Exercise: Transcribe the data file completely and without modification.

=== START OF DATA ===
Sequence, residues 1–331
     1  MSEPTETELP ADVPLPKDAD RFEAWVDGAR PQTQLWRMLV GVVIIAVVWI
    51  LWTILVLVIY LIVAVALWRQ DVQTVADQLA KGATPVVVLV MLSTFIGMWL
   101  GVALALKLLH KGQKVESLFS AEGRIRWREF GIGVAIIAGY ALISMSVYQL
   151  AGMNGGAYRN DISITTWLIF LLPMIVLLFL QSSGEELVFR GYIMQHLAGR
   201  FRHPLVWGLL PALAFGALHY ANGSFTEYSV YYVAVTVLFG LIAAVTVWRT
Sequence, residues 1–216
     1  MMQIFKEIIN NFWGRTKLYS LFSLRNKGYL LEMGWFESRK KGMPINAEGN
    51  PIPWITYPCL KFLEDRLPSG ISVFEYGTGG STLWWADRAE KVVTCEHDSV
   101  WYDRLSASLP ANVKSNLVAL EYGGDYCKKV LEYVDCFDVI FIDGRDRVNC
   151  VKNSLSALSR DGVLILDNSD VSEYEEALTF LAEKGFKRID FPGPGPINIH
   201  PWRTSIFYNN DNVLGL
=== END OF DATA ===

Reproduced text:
Sequence, residues 1–331
     1  MSEPTETELP ADVPLPKDAD RFEAWVDGAR PQTQLWRMLV GVVIIAVVWI
    51  LWTILVLVIY LIVAVALWRQ DVQTVADQLA KGATPVVVLV MLSTFIGMWL
   101  GVALALKLLH KGQKVESLFS AEGRIRWREF GIGVAIIAGY ALISMSVYQL
   151  AGMNGGAYRN DISITTWLIF LLPMIVLLFL QSSGEELVFR GYIMQHLAGR
   201  FRHPLVWGLL PALAFGALHY ANGSFTEYSV YYVAVTVLFG LIAAVTVWRT
Sequence, residues 1–216
     1  MMQIFKEIIN NFWGRTKLYS LFSLRNKGYL LEMGWFESRK KGMPINAEGN
    51  PIPWITYPCL KFLEDRLPSG ISVFEYGTGG STLWWADRAE KVVTCEHDSV
   101  WYDRLSASLP ANVKSNLVAL EYGGDYCKKV LEYVDCFDVI FIDGRDRVNC
   151  VKNSLSALSR DGVLILDNSD VSEYEEALTF LAEKGFKRID FPGPGPINIH
   201  PWRTSIFYNN DNVLGL